The Fringe


Greg Selkoe and Liam Massaubi Both Left The Brands They Started — Here’s Why


Every entrepreneur develops a special kind of love for their startup, almost considering it as a child they are raising. So what would make two very different and yet very similar entrepreneurs in the same industry to leave the company’s they shed blood, sweat and tears for?

It is no secret the fashion industry took a major nose-dive in the last year with major brands from Quiksilver and American Apparel filing for bankruptcy. Like any nose-dive the finger pointing and blame games start but not many people look into past the initial headlines. The reality is with any business things get much more complicated.

We wanted to take an in-depth look at two well-known names out of the pile, as the stories are very similar.

The Karmaloop story began in the basement of Greg Selkoe’s parents house in 1999 and over the course of its run, the company did around $1 billion in sales. The company continuously grew every year until 2013 when things started declining.

As a Complex article simply put things "When you’re the founder and CEO of a company that, at its peak, was revolutionary in its offerings, employed 250 people, and was regularly doing over $100 million in sales annually, you get blamed when things turn to shit."

Karmaloop’s cash problems began with investing into different websites and businesses and they began to burn up all the cash Karmaloop was generating. In 2011, Selkoe and the company started and staffed four new websites to cater to niche crowds. Included in those sites was Boylston Trading Co., Miss KL and Karmaloop TV which hired former AMC TV executive Katie McEnroe to get it off the ground and made Pharrell Williams creative director in May 2011. The company threw $14 million into the project and never aired one episode.

"Karmaloop TV was 100 percent the largest bad expenditure of the company," said Holland Smith, Karmaloop’s former head of merchandising. "Over and over again, being used, frankly, to fulfill a dream that was a personal dream for Selkoe."

With mumbles of a Bankruptcy looming, Karmaloop eventually filed listing debts between $100 and $500 million dollars. Rumors of Kanye West and Dame Dash buying the company began to circulate but in the end it was sold for $13 million to Comvest Capital. Greg Selkoe left the company when he found out they washed all their debts in the bankruptcy and left many unpaid.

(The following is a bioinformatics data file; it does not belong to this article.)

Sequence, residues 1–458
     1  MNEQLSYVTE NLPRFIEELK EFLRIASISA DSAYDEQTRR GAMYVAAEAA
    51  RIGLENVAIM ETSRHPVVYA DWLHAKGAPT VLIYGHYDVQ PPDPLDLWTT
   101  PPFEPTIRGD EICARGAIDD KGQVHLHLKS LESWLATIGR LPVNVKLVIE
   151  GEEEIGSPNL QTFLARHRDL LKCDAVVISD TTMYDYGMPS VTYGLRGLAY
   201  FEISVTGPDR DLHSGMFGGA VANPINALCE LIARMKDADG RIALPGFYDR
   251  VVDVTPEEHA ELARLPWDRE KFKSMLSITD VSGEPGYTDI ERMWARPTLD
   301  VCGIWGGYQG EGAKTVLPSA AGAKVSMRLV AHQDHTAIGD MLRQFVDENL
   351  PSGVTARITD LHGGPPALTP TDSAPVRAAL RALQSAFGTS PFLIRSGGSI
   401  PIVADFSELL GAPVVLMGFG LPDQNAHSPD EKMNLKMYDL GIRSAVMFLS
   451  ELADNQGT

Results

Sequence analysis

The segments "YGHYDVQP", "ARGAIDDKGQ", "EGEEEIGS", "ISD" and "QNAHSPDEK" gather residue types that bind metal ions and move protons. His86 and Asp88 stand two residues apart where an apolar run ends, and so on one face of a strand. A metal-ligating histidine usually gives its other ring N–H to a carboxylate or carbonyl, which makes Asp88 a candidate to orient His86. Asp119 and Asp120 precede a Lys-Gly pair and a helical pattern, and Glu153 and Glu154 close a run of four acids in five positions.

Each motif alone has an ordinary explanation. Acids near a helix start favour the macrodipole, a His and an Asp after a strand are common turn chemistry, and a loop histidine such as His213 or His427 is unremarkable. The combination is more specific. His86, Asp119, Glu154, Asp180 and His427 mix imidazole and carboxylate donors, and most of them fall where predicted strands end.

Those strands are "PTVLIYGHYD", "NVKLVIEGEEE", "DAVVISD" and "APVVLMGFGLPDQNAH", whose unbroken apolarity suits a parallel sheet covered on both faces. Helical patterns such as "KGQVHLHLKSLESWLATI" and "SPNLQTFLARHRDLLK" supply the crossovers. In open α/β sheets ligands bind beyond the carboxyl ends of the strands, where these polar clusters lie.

Greg Selkoe has since rebounded finding Silicon Valley investment and is now working on a new website called Curateurs with Pharell Williams and Paul Judge raising $1 million.

A similar story to Selkoe is that of Liam Massaubi, who co-founded Kanati Clothing Company with a couple of college friends in 2009. The brand hit almost unheard of milestones quickly such as being carried nationally within 6 months of launch. Eventually the brand would be available for purchase in 14 countries and today is distributed across North America, Europe and Japan through a leading distributor.

Karmaloop was selling brands, Kanati was manufacturing for them. It is said at one point they were manufacturing for up to 100 retail brands but also a few very inexperienced ones who never seemed to really grasp the concept and thought they’d be the next "big thing" overnight.

The rollout of Kanati’s Made-on-Demand service was incredibly successful. The concept was simple; brands pay a membership fee and in return Kanati provides pick-and-pack distribution and custom products in as little as one item at a time. The big bonus came with them dealing directly with retailers so a brand does not need to come up with the upfront cash for retail orders. Basically, all the costs of running a label on the manufacturing end didn’t come from the designer allowing them to offer more items and reach retailers they couldn’t before.

The company hit a road block with the awful business environment in Pakistan where it burned up significant amounts of cash and forced the company to temporarily shut down its manufacturing and re-shore production to Canada. The millions of dollars in losses to the Pakistani economy were so significant that the Government of Pakistan was forced to implement a new textile policy.

Massaubi left the company in July of 2015 when the company sold to new firm.

Unlike Karmaloop, however, who was forced to leave customers hanging and brands owed money by the new owner, Comvest Capital, Kanati’s new management decided to focus on retail and their in-house brand which does very well among the 18–35 crowd and sell their manufacturing rights to a major North American distributor where many of their customers got a major boost being offered distribution deals rather than be left empty handed.

In the end, it seems both entrepreneurs were somewhat forced from their company’s by major equity partners who may not have understood the business and only cared about the cash lost. In all reality, it is fairly typical for banks and lenders to hang the entrepreneur out to dry rather than provide cash needed at that time. It is a way for them to gain control of the company. When dealing with money at the level both entrepreneurs were they are often left with few options.

Many customers were upset at the news the founders were leaving. Having developed a bond between them and the brands. Both company’s will continue to go on and grow but will never be the same without their founders.